Fortunately for the Merseysiders, the Uruguayan was talked round after captain Steven Gerrard assured him that another season like the one he’d just had and, rather than Arsenal, the likes of Real Madrid and Barcelona would be chasing him. Gerrard’s words proved prophetic; the then 26-year-old was convinced to stay for one more year – and what a year it was.
Although Liverpool ultimately came up short in their pursuit of a first top-flight title in a quarter of a century, Suárez produced arguably the best individual season of any player in the Premier League era. In a glittering campaign, partnered in attack by Daniel Sturridge and supported by Raheem Sterling, the No.9 was the figurehead of the most exciting trio in the country.
With 31 league goals, the South American equalled Alan Shearer and Cristiano Ronaldo‘s high-mark for a 38-game season in the English top flight, while his 12 assists showcased what a committed team player he was.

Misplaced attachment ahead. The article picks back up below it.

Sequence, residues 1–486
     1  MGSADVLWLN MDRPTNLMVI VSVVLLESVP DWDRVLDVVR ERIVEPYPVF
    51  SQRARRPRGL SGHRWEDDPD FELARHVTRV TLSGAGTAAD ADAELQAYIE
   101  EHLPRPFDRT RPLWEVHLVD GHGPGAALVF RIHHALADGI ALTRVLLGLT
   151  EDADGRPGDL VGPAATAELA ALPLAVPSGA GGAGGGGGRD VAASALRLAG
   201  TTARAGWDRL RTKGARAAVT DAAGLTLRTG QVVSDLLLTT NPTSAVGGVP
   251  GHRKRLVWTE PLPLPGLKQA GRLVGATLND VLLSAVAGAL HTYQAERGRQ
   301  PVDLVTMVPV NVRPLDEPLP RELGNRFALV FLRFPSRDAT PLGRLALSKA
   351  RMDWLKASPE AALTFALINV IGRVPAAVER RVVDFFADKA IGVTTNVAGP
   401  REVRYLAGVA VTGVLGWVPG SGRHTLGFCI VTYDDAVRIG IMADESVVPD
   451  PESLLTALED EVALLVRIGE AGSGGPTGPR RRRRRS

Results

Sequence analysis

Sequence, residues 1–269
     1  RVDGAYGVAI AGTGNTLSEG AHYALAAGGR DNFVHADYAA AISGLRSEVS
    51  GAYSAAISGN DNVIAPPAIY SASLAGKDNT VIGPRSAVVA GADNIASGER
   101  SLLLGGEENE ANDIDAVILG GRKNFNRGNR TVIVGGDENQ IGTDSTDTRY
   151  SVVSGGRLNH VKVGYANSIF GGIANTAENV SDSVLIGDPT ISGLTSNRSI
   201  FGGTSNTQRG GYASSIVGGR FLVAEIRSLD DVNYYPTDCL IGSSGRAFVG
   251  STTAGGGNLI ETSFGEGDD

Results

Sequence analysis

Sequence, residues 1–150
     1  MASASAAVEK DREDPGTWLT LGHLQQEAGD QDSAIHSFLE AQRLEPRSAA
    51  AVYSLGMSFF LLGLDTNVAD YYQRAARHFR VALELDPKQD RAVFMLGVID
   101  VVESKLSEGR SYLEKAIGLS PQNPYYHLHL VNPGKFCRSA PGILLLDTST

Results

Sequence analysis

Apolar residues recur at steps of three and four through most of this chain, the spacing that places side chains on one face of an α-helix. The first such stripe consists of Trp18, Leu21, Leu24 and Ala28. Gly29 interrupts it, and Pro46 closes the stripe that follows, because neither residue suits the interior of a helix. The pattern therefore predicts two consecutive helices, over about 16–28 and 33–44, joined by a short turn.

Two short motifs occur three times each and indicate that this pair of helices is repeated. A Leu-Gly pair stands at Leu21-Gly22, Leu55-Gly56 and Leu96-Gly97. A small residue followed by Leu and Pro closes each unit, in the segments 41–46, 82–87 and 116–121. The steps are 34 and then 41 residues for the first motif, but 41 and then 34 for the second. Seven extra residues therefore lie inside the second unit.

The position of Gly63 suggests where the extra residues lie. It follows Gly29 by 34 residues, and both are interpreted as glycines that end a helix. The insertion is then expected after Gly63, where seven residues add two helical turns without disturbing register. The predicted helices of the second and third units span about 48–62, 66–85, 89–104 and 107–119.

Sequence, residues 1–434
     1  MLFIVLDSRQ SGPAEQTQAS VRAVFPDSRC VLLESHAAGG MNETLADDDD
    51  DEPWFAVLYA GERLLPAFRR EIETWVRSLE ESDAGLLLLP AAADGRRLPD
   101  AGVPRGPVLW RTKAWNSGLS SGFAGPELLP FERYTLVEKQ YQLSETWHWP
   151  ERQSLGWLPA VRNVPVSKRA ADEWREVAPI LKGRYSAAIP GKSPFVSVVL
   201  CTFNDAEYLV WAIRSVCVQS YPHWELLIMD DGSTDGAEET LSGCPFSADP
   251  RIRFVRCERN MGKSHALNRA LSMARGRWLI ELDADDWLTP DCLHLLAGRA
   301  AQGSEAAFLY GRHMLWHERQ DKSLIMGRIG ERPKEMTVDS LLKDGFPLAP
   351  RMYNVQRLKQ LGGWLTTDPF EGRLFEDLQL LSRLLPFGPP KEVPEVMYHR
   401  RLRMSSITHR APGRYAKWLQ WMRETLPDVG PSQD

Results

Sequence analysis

“He ran and pressed and fought for the ball and ran again – all while producing extraordinary moves and sublime goals,” Gerrard wrote of Suárez in My Story, the former Liverpool skipper’s autobiography.
“There was a sustained period where playing with Luis was like being under a magical spell. He blew me away with his talent.”
Suárez had the incredible knack of producing the spectacular on a weekly basis, scoring incredible goals and, at times, almost single-handedly powering Liverpool’s against-the-odds title push, allowing Reds fans to dream of a first Premier League title.